Long-time master of ceremonies Leon Shuff has an idea about why the annual Black History Celebration has been enduringly popular for nearly 30 years.
“I just like to thank everybody in the Surry County community. It’s all about them,” he said. “If it hadn’t been for them responding, it probably never would have lasted this long.”
Shuff will return as master of ceremonies at the 2017 celebration, which will be held Friday, Feb. 10, at 7 p.m. in the Andy Griffith Playhouse.
The free event is open to the public.
“Even though it’s called a black history program it’s for everybody,” Shuff said. “It’s really for the Surry County community, not a certain race or anything. I think that the only way we have a good time is everybody coming together.”
This year’s program will feature an educational component in addition to gospel singing, a youth praise team and other performers.
Darryl Beamer will present information on Surry County’s African-American history.
Local representatives for the National Association of University Women will be on hand distributing information flyers highlighting local and regional organizations and resources, according to information provided by the Surry Arts Council.
The musical lineup includes Jerome Temoney, Roxanne Beamer, Sons of Abraham of Winston-Salem, Community Choir of Mount Airy, Dynamic Voices of Praise, Kings Mountain View Inspirational Choir of Westfield and the VIP Praise Team.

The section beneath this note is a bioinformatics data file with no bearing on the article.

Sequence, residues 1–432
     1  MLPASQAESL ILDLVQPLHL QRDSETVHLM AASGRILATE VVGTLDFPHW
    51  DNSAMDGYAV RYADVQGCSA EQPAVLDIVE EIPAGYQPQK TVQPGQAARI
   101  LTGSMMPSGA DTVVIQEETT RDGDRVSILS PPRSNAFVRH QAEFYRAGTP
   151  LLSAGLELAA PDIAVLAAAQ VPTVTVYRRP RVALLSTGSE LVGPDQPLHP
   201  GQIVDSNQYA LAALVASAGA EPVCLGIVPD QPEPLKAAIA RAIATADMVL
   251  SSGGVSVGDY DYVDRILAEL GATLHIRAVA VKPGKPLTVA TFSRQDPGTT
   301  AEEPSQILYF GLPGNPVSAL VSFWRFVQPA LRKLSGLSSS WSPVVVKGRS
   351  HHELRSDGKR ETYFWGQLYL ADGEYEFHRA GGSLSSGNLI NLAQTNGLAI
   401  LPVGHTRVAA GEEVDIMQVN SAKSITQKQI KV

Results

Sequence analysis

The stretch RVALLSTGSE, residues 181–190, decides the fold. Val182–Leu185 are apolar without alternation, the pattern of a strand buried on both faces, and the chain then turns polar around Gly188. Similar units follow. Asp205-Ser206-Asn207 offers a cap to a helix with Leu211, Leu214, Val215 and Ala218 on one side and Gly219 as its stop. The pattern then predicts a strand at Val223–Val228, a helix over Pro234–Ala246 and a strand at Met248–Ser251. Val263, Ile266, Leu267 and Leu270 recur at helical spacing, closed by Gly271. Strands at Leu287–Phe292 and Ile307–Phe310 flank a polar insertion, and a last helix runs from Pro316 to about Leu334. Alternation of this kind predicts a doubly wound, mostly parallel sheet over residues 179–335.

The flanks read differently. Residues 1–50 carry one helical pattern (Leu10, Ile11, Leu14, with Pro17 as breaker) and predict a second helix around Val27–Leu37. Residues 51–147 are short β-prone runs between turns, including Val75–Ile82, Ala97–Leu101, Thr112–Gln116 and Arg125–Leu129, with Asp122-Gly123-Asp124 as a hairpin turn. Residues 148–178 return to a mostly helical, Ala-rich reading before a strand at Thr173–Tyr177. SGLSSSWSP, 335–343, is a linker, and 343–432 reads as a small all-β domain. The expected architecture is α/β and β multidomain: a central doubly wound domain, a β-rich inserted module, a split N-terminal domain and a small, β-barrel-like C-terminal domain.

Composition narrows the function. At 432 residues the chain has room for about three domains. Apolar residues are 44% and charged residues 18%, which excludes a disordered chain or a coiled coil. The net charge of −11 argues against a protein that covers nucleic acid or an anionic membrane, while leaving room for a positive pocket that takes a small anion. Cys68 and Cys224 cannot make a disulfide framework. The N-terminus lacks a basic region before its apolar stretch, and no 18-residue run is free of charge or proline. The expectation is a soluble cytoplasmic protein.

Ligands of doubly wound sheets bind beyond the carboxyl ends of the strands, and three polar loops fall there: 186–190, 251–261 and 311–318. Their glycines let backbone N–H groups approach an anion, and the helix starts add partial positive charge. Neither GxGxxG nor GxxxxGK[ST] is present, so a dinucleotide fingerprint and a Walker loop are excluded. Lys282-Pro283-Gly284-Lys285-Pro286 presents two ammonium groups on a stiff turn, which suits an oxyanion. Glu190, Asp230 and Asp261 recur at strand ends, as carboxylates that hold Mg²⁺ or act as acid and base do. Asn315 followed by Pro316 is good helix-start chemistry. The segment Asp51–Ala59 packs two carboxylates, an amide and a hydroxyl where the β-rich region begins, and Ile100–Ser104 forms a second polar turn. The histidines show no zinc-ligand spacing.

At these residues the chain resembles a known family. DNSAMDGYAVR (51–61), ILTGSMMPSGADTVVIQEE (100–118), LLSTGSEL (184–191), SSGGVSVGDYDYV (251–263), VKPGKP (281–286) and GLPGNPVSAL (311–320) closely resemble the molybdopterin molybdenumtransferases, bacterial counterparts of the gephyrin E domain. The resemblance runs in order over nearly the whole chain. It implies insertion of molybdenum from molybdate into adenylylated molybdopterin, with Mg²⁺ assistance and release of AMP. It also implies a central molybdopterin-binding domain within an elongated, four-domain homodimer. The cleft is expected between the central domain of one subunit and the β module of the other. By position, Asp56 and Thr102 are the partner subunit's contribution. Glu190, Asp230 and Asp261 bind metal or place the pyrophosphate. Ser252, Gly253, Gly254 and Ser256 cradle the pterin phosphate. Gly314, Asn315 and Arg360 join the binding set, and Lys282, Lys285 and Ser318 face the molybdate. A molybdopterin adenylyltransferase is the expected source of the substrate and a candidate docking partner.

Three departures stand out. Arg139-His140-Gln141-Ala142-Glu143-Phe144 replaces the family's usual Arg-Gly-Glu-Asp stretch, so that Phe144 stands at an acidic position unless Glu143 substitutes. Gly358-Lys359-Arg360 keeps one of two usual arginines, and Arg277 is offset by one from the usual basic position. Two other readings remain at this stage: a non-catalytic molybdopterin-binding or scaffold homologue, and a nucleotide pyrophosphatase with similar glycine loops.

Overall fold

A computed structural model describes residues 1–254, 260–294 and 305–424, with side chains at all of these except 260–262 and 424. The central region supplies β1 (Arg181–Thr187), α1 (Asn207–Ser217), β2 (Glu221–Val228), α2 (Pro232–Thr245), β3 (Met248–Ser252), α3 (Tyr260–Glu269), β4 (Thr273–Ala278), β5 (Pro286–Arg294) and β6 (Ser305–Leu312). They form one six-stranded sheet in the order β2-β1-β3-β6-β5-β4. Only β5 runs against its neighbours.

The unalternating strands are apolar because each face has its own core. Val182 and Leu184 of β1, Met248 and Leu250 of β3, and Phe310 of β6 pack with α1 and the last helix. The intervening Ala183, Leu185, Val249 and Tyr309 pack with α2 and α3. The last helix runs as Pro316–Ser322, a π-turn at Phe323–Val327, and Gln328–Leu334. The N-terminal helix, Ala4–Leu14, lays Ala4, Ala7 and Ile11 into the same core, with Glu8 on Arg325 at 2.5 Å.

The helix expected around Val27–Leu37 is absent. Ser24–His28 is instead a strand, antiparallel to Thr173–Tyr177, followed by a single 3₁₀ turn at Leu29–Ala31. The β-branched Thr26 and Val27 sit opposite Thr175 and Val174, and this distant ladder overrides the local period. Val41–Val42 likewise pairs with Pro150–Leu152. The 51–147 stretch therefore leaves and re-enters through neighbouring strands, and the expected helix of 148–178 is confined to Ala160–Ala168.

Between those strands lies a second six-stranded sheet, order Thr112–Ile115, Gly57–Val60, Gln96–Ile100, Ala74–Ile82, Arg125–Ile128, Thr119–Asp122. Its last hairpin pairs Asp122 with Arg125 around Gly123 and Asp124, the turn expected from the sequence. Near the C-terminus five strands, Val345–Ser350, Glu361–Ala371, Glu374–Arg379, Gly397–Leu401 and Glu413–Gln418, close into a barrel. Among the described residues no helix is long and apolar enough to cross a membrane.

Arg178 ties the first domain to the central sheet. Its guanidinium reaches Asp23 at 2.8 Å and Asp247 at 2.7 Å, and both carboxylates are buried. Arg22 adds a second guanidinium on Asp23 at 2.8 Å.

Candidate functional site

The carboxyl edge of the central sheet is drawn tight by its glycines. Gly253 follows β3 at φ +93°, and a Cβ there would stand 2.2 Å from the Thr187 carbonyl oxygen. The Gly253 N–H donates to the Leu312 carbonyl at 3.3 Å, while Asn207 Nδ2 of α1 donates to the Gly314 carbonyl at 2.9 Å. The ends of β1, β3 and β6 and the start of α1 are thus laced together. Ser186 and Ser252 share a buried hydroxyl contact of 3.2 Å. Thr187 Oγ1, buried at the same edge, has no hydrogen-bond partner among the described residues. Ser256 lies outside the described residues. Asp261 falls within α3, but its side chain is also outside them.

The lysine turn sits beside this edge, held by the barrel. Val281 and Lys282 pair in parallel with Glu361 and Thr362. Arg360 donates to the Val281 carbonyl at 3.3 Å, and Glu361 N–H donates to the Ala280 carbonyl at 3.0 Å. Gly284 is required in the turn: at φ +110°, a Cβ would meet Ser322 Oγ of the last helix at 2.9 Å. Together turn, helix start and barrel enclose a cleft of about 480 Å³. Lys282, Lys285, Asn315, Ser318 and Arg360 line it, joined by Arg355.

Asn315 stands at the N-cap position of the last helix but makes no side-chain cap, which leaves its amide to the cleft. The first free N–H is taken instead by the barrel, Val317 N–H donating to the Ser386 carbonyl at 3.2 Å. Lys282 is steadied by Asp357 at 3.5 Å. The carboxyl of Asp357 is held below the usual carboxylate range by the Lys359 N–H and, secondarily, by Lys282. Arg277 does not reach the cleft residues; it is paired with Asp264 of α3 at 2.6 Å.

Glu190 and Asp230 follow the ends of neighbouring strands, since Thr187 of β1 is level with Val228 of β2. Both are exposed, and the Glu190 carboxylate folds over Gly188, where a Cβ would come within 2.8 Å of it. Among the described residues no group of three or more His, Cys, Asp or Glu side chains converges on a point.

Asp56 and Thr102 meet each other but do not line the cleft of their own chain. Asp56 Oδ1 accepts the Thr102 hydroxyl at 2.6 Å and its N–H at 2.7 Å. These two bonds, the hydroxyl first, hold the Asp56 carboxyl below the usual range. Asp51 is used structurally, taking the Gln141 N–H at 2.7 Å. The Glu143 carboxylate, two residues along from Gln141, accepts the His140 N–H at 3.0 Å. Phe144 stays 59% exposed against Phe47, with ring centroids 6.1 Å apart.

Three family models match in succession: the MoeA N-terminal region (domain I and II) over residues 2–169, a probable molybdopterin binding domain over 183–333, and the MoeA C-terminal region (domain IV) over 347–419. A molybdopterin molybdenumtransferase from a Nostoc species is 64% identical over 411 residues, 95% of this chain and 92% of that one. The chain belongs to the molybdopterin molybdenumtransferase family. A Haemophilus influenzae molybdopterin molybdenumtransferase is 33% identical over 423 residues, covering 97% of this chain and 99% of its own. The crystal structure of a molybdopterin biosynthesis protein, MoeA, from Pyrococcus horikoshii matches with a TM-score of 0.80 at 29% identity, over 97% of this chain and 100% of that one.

Other performers are to be determined, said Shuff, which is one of his favorite aspects of the event.
“It’s always exciting,” he said. “You don’t ever know who is going to show up. Sometimes a group will come up and just be on it that you wouldn’t even expect.”
Marie Nicholson, one of the event organizers, will lead a group of youth praise dancers drawn from several area churches.
“It gives them a chance to get out and express their talent,” she said. “Some of these youth have not been to this program before. They just need the opportunity to shine and this is one of those times. We have to keep them motivated, keep them engaged.”
Tanya Jones, arts council executive director, said several different cultural organization leaders have submitted proposals for new programs in addition to the annual celebration.
“I have had more interest this year,” said Jones, who will be helping those leaders pursue sub-grants and get new events placed on the calendar for next year.
“Lots of good ideas,” she said. “We’re all looking forward to working together on programming. It’s a happy time.”
Doors open at 6 p.m. for the celebration, which is funded in part by a Grassroots Grant from the N.C. Arts Council, a division of the N.C. Department of Natural and Cultural Resources.
Shuff said groups and performers can still be added to the program. Anyone interested should contact him at 446-813-3814 or the Surry Arts Council at 336-786-7998.
“We thank everybody for participating,” he said, “and just continue to keep doing the same thing so it’ll keep getting better and better.”
Reach Terri Flagg at 415-4734.